'The impact of the loss of human touch': Suicide hotlines see an increase in calls related to coronavirus
When Gov. Tom Wolf issued a stay-at-home order for Philadelphia area residents on March 23, Julie Peticca braced herself for a deluge of calls to the Montgomery County suicide prevention hotline. Peticca, the director of crisis intervention at Montgomery County Emergency Service Inc., knew that isolation could exacerbate mental health issues, especially for people with depression and anxiety.
The first two weeks were quieter than she expected. But then the calls flooded in. On one day in March, Peticca said her team received 25 calls—more than double the center's daily average.
"People dealt with not having access to their usual coping mechanisms OK for the first few weeks, but now we're settling into a longer situation," Peticca said. "We're seeing the impact of the loss of human touch."
Other suicide hotlines across the country are experiencing similar patterns. A Los Angeles mental health clinic reported 1,800 COVID-19 related calls in March, compared to just 20 in February. Montana's Department of Public Health and Human Services said they've seen calls double since March 13.
On April 1, Pennsylvania created a toll-free 24-hour support line for people struggling with anxiety from the pandemic. The line has taken more than 2,000 calls since its launch.
"Now the calls seem to be shifting from pragmatic information to discussions about mental health. People are struggling with isolation and feeling depressed," said Kristen Houser, the deputy secretary for the Office of Mental Health and Substance Abuse Services. "We fully expect behavioral health needs to increase as the situation goes on."
While social distancing is critical to slowing the spread of COVID-19, experts have cautioned that it can greatly strain mental health. Previous research has shown that large-scale disasters lead to increases in depression, post-traumatic stress disorder (PTSD), substance use disorder, and other mental and behavioral disorders. In an article published in JAMA Psychiatry on Monday, researchers warned that numbers of death by suicide in the United States and coronavirus could create "a perfect storm" for increased risk.
In Philadelphia, calls to suicide hotlines have increased only about 10% in the last few weeks, said Omoiye Kinney, the communications director at the Department of Behavioral Health and Intellectual disAbility Services (DBHIDS), which oversees two hotlines—one national and one local. But she said that many of the calls are related to COVID-19.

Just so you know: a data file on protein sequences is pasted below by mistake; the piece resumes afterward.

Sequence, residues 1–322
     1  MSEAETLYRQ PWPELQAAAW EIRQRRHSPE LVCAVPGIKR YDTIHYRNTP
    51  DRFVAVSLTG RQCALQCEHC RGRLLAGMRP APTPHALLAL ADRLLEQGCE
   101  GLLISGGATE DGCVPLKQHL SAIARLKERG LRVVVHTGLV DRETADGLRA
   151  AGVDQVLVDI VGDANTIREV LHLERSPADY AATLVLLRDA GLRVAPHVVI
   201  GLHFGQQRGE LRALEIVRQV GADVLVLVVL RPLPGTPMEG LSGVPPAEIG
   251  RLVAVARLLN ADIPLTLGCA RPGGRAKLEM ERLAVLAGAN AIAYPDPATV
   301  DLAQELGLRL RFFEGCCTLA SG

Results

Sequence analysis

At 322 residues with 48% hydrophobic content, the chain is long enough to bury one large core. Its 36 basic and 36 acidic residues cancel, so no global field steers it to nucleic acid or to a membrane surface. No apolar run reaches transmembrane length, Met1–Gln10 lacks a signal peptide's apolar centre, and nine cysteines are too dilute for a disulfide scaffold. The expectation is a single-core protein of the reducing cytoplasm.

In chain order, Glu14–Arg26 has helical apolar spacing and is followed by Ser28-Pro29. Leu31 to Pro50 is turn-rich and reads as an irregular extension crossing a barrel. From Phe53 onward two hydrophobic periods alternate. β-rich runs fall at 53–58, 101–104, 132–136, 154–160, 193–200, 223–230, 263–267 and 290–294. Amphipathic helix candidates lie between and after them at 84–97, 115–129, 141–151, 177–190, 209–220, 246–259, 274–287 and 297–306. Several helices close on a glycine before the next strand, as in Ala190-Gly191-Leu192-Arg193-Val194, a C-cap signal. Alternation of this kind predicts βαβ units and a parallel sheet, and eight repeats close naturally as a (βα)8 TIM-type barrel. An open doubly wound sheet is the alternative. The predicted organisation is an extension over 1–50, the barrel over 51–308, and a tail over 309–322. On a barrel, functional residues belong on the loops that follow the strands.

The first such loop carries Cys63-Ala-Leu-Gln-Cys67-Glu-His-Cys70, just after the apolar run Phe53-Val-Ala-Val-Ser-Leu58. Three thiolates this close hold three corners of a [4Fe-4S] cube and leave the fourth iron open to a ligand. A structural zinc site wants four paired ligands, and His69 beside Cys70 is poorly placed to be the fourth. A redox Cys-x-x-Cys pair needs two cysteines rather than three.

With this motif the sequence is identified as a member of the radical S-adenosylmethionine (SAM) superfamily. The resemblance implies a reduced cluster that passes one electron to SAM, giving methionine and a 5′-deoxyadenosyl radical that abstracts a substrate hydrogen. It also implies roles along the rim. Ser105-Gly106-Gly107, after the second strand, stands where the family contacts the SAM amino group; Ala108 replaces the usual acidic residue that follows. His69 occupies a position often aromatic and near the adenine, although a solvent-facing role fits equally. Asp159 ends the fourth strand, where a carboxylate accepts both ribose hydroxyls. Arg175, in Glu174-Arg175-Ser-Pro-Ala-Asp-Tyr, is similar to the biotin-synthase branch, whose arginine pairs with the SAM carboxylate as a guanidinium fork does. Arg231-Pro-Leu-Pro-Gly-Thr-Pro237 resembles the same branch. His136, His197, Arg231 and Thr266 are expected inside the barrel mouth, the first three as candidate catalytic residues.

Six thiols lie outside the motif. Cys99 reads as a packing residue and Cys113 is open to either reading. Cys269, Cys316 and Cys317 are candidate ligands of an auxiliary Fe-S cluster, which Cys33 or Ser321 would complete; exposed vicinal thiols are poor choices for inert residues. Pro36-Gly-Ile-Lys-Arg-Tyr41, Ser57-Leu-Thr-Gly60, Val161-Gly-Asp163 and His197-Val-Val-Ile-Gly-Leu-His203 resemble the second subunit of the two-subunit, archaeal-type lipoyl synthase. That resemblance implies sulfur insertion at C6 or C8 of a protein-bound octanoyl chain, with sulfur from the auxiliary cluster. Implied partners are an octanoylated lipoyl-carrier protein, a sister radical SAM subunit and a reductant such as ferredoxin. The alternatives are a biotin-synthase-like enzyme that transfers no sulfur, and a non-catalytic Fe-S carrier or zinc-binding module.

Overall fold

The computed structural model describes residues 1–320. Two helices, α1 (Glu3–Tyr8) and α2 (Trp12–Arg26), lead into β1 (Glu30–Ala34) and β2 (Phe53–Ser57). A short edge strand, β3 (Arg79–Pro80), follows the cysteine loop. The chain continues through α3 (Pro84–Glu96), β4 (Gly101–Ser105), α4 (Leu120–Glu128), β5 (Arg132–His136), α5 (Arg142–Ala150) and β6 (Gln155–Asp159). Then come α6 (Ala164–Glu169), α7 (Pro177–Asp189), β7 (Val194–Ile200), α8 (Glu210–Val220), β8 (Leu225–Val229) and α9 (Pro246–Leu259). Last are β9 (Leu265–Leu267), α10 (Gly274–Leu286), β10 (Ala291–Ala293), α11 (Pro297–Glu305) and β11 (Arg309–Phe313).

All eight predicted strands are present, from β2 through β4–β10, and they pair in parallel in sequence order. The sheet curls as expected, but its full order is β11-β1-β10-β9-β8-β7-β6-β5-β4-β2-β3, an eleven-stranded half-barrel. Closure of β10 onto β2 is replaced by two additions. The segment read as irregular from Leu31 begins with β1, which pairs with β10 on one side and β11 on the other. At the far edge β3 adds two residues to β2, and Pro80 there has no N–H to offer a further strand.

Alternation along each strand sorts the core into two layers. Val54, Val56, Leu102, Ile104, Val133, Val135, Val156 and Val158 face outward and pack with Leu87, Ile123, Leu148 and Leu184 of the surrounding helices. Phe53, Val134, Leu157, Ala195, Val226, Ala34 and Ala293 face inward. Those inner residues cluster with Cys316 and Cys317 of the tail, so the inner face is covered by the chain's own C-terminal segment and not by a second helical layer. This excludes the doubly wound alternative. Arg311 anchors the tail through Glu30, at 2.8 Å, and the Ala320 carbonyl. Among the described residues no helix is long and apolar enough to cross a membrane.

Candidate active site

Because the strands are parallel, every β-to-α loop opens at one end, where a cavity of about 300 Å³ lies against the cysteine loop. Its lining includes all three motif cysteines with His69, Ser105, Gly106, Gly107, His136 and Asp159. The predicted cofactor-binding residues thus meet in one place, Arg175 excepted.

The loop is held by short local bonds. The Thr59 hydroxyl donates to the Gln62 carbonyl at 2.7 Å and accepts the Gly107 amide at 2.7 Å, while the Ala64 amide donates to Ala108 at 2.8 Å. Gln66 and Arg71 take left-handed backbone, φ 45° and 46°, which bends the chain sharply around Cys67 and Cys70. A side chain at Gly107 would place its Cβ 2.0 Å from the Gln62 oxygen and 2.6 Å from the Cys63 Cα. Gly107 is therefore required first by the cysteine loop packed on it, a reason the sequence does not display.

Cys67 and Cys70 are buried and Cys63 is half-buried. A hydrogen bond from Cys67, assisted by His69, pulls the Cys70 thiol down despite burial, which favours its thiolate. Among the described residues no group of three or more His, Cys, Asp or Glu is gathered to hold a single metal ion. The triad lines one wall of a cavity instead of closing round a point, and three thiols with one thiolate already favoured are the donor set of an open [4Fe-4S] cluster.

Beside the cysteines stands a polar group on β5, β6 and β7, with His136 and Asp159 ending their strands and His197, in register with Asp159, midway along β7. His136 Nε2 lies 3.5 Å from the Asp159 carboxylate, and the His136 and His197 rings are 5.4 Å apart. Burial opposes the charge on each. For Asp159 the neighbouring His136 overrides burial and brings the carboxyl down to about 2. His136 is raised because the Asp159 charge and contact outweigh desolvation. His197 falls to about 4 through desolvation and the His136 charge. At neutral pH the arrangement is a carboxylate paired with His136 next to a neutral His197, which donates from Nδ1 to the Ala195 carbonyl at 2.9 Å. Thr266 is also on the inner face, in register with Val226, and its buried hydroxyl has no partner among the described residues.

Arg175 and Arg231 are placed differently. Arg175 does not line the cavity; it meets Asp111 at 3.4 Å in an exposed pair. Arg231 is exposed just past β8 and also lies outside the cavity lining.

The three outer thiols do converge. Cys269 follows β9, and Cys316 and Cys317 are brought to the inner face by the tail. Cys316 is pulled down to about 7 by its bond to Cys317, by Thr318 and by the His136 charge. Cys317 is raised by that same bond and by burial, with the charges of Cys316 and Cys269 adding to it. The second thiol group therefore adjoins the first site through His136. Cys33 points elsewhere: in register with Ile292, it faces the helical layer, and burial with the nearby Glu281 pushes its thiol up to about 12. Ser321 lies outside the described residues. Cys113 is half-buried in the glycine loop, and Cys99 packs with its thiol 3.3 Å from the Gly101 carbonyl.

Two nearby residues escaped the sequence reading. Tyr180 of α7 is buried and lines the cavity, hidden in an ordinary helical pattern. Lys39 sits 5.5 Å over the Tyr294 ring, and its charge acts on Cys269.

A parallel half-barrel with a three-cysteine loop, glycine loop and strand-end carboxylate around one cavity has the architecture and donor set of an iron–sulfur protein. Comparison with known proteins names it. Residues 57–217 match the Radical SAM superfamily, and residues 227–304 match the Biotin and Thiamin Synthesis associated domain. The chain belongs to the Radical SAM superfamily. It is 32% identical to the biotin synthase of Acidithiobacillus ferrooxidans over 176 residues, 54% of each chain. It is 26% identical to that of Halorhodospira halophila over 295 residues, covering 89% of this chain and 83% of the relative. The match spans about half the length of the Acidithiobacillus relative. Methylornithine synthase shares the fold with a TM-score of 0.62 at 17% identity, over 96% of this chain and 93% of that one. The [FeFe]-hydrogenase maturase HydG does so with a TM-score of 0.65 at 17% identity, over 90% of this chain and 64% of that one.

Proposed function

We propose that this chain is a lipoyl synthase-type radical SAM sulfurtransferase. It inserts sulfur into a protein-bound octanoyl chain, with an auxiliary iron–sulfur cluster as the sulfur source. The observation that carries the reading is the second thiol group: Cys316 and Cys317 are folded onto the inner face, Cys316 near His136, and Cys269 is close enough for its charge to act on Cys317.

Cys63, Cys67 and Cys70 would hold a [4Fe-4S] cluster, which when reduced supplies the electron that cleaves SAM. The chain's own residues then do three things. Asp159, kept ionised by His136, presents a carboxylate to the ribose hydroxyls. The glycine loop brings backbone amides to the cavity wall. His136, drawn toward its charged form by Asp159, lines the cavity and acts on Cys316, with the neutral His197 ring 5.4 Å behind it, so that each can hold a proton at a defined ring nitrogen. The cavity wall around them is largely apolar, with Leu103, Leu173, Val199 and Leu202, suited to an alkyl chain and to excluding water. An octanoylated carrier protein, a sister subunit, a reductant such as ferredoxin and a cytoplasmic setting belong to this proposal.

"People are calling because of things that are causing them anxiety and stress, like losing their jobs, social isolation and domestic situations," Kinney said. "We can't anticipate whether the number of calls will go up or down—that depends on the progression of the pandemic—but the reasons have shifted."
In Delaware County, there has been a 20% to 30% increase in calls to the suicide prevention hotline, said Kevin Caputo, chair of psychiatry at Crozer-Keystone Health System, which operates the hotline. Many of the calls are "very specific to fear over COVID-19," he said. People are afraid of contamination, losing their jobs, and their loved ones getting sick.
"We've seen a number of voluntary admissions of people to the crisis center," he said. "There was an increase in visits by about 20% when this health crisis hit."
After the stay-at-home order was issued, Caputo said, the crisis center saw a decrease of inpatients as phone volume ticked up.
Because many coping strategies, such as hanging out with friends or visiting the gym, have been altered, mental health symptoms will likely get worse, he said. For example, mild depressive symptoms that can be treated with therapy can turn into clinical depression, which requires medication. And while nearly everyone is worried right now, those feelings of apprehension can manifest into severe anxiety disorders for some.
Even after the quarantine is lifted, Caputo expects to see mental health symptoms that emerged during the pandemic for years to come. But reaching out for help now can mitigate some of the damage, he said.
"With any medical issue, the sooner you deal with it, the better the prognosis," Caputo said. "In psychiatry, untreated illness can take on a life of its own. The earlier you catch something, the easier it will be to treat."
Colleen Reichmann, a Philadelphia psychologist, said loneliness and hopelessness, which many people are experiencing right now, are two main risk factors for suicide. Many psychologists and therapists are offering sessions for free or extremely reduced rates because they're so concerned about this, she said.
"There's a constant fear that's simmering in the background, about the economic toll this is going to take, how long social distancing is going to go on," she said. "That's really detrimental to mental health."
Reichmann said mental health experts are particularly concerned about people who live alone or have preexisting mental health issues, such as anxiety disorders or eating disorders. But she's hopeful that conversations surrounding mental health will "allow us to get ahead of things and hopefully stop the escalation."
"Open conversations about how people are feeling during the pandemic are really important," she said. "If there's no opportunity to hear about other people's experiences, to hear someone say, "Me, too," about the things you're struggling with, it can really exacerbate things. That's the kind of antidote to the feelings that can contribute to being suicidal."
If you or someone you know is thinking of suicide, call the National Suicide Prevention Lifeline at 1-800-273-8255 or text TALK to the Crisis Text Line at 741741.
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